1. As Oz ages, like many others, it will likely become more NIMBY, conservative and resist immigration.
2. Over the next 25 years our deaths rates double and our natural growth may drop to zero or even negative and there is no chance immigration will double or treble to compensate.
3. 40% of voters are above the age of 50 and this percentage grows significantly in the future.
4. Note our demographic momentum, more people living longer, is 1/3 of our growth in real population numbers. So natural growth, NOM and momentum.

Monday, 20 August 2012

How fast will the population decline.

Seems the No speaker does not get it really. Australia population will peak and then decline.


The Yes speaker outline our demographic momnentum and the No speaker says he is wrong. What the?
The yes speaker also does not say that the populatrion should continue to get bigger indefinately, rather he says we will peak and then decline. He is correct.

Sunday, 5 August 2012

a thinker, with the actual data...

Andrew Smith - http://www.aiec.hu/
All text below is taken from http://theconversation.edu.au/new-migration-council-to-fight-for-a-bigger-australia-7895

"What is high population growth? It is relative, e.g very high post WWII, and now falling as we speak (and as many understand includes near 40% temporary residents, i.e. international students, guardians, dependents and long term tourists who produce export income for the Australian economy)

False statements are not challenged e.g. the evergreen "rampant runaway population growth" when in fact it has stalled, and significant proportion are temporary residents anyway. But don't tell that to the real estate industry as we brace for a sustained stagnation of property prices, at best.....

Presently there is both a shortage of aged care personnel (and many other industries e.g. hospitality, IT, engineering, particular trades etc.) and with significant bubble of baby boomers who will reach an age where they will require aged care, who shall provide it (let alone replace them in the workforce)? For now many baby boomers are in the situation of both caring to various degrees for children and parents in lieu of other support., and this will become worse

Pensions after baby boomers retirement should not be such an issue as retirees from then on will have been in 2030 superannuation system, so that is not a "Ponzi" issue (unless of course they cannot work due to caring for ageing parents).

Declining population is already becoming an issue in Europe especially Central Eastern and Southern Europe, Russia, Germany, Japan plus our own regional towns and cities, and internationally high growth populations will largely stabilise by 2050 (e.g. Iran has lower birth rate than Australia). Further, it is not the quantitative population figure, high or low, that is the issue but the qualitative when a significant proportion are elderly versus young.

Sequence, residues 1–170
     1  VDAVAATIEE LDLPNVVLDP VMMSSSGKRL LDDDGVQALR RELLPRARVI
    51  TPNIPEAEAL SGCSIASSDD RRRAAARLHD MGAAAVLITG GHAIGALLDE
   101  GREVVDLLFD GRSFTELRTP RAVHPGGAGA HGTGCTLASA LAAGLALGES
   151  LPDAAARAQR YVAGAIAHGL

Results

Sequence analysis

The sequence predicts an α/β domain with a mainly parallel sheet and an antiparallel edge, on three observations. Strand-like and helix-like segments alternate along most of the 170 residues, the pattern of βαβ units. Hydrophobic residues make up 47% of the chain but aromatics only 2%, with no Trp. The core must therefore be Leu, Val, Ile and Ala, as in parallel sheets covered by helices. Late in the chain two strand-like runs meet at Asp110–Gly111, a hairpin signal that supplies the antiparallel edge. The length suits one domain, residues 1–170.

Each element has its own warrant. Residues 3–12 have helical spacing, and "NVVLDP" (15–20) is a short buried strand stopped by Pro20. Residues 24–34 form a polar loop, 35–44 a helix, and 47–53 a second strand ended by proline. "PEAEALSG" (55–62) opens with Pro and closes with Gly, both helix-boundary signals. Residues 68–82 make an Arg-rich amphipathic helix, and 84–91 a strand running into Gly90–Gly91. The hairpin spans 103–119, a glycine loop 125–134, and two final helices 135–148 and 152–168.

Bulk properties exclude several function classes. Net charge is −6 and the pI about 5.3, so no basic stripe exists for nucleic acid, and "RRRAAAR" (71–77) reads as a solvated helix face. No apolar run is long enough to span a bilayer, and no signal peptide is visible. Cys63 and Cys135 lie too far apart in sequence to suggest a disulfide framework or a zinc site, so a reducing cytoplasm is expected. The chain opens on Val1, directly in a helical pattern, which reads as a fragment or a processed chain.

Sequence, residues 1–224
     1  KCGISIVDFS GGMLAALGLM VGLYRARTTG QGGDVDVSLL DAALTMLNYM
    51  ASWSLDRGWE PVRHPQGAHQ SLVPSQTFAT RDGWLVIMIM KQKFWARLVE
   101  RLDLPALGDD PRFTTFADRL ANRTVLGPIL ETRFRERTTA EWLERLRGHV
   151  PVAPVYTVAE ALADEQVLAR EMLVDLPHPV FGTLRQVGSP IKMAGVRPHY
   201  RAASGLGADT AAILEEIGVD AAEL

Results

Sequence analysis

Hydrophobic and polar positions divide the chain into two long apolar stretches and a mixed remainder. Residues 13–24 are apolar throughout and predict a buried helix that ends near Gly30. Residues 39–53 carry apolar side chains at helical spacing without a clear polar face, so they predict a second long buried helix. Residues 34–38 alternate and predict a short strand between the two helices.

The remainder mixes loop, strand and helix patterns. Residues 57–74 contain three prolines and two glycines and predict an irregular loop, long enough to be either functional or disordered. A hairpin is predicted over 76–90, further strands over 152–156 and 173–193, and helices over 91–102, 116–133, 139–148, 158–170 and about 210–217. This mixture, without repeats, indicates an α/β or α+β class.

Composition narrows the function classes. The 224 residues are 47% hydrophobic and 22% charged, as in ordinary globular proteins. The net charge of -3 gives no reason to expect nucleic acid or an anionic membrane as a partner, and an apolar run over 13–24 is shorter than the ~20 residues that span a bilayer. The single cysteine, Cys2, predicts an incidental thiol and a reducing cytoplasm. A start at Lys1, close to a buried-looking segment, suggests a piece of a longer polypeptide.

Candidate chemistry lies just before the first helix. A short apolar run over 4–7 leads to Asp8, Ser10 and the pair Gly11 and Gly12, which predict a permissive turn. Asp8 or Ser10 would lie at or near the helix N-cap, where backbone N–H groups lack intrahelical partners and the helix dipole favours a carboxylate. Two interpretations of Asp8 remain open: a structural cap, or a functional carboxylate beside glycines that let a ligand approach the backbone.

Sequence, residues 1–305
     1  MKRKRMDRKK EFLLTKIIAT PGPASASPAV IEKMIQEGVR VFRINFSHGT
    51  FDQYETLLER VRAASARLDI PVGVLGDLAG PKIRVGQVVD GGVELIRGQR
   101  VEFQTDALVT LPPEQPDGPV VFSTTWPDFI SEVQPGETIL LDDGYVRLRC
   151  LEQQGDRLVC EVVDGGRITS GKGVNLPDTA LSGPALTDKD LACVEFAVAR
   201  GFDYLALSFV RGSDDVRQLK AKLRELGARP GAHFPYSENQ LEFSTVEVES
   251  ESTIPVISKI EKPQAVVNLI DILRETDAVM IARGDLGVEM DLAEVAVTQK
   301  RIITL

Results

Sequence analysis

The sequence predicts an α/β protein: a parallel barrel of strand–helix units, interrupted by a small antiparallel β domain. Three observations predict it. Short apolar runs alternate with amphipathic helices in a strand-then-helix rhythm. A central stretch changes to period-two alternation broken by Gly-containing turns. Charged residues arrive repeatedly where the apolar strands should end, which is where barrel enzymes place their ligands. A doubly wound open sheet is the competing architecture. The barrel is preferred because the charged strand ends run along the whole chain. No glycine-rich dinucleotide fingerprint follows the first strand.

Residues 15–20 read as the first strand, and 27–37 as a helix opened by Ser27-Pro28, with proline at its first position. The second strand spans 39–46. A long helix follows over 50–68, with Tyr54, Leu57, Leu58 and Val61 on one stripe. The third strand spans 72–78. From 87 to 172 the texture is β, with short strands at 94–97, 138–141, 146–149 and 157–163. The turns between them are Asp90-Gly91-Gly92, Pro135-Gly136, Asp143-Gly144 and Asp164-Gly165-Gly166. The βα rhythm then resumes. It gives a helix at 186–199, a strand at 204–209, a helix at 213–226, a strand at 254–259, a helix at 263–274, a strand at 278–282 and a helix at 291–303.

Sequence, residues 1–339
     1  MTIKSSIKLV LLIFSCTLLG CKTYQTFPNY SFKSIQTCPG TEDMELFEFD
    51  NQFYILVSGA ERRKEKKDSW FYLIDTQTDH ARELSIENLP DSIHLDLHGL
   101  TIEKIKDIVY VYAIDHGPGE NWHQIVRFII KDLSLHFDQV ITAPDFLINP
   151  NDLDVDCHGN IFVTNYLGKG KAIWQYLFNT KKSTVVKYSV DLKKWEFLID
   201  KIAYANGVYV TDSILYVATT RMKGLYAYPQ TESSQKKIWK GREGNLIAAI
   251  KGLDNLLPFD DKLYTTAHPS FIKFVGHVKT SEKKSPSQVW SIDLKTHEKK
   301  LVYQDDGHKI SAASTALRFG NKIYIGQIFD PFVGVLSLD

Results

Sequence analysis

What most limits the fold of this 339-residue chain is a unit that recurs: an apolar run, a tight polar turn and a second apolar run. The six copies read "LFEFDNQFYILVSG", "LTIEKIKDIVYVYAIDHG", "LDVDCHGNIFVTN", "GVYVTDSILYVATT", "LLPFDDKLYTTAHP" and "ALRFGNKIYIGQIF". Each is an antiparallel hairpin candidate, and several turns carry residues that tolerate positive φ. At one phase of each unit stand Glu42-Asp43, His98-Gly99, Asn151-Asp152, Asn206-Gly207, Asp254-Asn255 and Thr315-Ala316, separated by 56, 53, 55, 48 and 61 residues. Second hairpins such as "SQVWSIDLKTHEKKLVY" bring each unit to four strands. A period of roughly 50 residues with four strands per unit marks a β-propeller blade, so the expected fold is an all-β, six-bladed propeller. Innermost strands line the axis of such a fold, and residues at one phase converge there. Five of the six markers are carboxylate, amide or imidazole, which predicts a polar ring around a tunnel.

Australia also needs to think of not just how to adapt our profligate lifestyles dependent on oil, lack of transport systems, regional development and our badly planned suburbs, but how to fit into our region (you know Asia?). Should we have a defence force not reliant upon the US, be able to produce and add value to products and services needed in future versus e.g. suggestion of Dr. Bob Birrell that we should just focus upon mining?

My issue with such "debates" is that there seems to be a lot of "wolves dressed in sheep's clothing" organising themselves using proxy arguments to stop or reduce diversity in a society the envy of the world, and would seem to prefer a sepia tinted mostly white Australia of the 1950s. I have news for you, it's too late, Australia is already one of the most culturally and ethnically diverse countries in the world, and it is not going to change, except probably get better and browner"

Unfortunately there are many, not all, who use anti population, anti immigration, care for the environment arguments and random factoids to mask their own prejudices.

"The population lobby’s ‘we’re all doomed’ diatribes against modern capitalism and the environment are a gold mine of sociological perversity but they may also attract a protest vote at the next federal election....."


Does the Stable Population Party explain clearly and publicly what is the definition of population, and that immigration is not the major component of population but is one of many variables?

Good visible example are international students who are included in net overseas migration figures and population, yet not only are the majority temporary entrants (i.e. suggestion of applying for residency will mean their student visa application will be rejected under the Genuine Temporary Entrant test), nor buying houses but actually subsidising places for Australian students?

Then again, if one didn't cite immigration as a major component of population (and supposed runaway growth) it may suggest that we are not being overcome by foreign hordes destroying the environment.....ironically Australia can manage that by itself.

Apply the Brakes http://www.publiceye.org/magazine/v26n1/apply_the_brakes.html

As the definition of Net Overseas Migration has been ignored I shall post official definition here:

"Net overseas migration (NOM) is the net gain or loss of population through immigration to Australia and emigration from Australia...